California Civil Code
Section 1993 is the governing law that provides the process required before a commercial property landlord may dispose of an inventory of personal property left behind when a tenant either vacates commercial property premises or, alternatively, has been evicted from such premises. The law provides that a landlord must serve one of two forms of a Notice of Right to Reclaim Abandoned Personal Property. The form of the notice depends on the estimated value of the total abandoned inventory.
Law through December 31, 2018 – Valuation of Inventory
If the total inventory was worth “less” than $750 or $1 per square foot of the premises occupied by the tenant, the landlord was able to dispose of the inventory after the service of an 18-day notice reiterating the tenant’s rights and their ability to claim the inventory.
Unfortunately, if the total inventory was worth “more” than $750 or $1 per square foot of the premises occupied by the tenant, the landlord was required to serve the 18-day notice and then upon its expiration, schedule a public auction, publish notice of the auction in a newspaper and hold a public sale. This low dollar threshold created a significant expense to the landlord in terms of lost time and lost rent, in addition to the costs of the publication and auction.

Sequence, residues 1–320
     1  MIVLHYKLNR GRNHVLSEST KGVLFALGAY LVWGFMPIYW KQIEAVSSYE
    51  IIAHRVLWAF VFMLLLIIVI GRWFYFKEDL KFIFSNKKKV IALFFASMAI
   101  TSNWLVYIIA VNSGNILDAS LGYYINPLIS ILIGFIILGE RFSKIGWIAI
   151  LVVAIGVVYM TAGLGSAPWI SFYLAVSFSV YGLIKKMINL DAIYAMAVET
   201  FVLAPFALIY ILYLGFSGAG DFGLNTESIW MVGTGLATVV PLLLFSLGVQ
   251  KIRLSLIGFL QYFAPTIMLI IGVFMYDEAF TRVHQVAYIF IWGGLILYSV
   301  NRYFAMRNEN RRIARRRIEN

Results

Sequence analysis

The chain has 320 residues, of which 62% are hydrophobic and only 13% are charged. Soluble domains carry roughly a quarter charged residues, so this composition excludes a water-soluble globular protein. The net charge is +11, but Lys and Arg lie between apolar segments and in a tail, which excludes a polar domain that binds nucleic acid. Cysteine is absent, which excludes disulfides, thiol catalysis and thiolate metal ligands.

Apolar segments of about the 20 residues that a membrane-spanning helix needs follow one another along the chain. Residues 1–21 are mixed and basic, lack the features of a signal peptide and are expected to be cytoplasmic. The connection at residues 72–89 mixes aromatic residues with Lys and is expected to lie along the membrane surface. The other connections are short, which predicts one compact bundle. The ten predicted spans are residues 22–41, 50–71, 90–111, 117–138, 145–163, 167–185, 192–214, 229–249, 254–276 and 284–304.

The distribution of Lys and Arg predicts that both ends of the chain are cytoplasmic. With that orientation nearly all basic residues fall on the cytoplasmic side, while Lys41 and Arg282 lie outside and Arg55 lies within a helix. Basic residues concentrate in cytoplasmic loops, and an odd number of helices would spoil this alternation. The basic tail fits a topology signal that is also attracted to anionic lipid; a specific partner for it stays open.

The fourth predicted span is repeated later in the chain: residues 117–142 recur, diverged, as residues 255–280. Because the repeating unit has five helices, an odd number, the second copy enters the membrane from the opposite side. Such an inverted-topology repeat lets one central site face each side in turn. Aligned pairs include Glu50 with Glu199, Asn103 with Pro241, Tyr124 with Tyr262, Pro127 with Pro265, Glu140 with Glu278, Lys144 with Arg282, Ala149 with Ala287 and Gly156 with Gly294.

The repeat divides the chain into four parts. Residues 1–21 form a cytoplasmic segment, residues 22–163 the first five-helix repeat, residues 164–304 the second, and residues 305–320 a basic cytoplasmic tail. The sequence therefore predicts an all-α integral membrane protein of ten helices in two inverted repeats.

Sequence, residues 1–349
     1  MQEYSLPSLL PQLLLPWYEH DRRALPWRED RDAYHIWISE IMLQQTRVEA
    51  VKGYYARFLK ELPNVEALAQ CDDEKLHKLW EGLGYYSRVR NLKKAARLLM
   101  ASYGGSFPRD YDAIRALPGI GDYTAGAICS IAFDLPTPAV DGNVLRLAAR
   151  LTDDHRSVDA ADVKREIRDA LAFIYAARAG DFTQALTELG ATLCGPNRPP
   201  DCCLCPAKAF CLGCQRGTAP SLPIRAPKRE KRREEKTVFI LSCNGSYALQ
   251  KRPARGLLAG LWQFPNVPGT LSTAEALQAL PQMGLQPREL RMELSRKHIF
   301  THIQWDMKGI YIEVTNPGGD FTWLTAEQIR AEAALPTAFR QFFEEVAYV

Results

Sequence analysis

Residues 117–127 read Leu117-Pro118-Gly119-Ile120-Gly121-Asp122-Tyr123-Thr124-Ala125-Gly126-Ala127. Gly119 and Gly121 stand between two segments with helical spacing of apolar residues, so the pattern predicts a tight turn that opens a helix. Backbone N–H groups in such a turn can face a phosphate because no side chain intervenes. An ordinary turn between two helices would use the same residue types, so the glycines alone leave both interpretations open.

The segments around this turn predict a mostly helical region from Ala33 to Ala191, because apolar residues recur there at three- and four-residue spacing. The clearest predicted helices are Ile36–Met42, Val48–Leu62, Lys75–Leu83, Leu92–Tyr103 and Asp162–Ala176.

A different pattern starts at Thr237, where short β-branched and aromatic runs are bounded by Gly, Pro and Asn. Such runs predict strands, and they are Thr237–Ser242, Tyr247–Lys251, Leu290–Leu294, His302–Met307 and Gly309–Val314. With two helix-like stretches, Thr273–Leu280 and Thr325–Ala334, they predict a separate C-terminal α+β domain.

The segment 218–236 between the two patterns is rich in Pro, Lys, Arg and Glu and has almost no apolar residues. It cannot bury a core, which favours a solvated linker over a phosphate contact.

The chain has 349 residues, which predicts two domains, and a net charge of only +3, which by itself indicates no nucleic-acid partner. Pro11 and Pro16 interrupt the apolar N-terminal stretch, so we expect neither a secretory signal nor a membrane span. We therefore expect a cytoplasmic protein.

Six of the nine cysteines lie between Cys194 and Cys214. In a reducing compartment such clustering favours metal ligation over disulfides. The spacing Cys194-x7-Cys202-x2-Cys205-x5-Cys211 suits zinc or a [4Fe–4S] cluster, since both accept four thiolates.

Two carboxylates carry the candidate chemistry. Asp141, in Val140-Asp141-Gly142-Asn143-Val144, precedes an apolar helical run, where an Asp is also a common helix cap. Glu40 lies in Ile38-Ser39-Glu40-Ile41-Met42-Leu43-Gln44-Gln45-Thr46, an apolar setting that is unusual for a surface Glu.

In conjunction with BOMA-OC’s Governmental Affairs Committee, Seide Law was able to assist the California Business Property Association in pushing through Assembly Bill 2847. They provided the industry lobbyists with numerous “real world” examples from our case files and provided input on revised wording for the proposed bill.
New Law effective January 1, 2019 – New Valuation of Inventory
The new law increases the threshold calculation of the total resale value of the abandoned inventory from $750 to either $2,500 or an amount equal to one month’s rent for the premises the tenant occupied, whichever is greater. This change will greatly reduce the number of auctions that are required. This is a major victory for commercial property landlords.
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Shared with permission from author.
Richard L. Seide, Esq. and Ellen L. Ticknor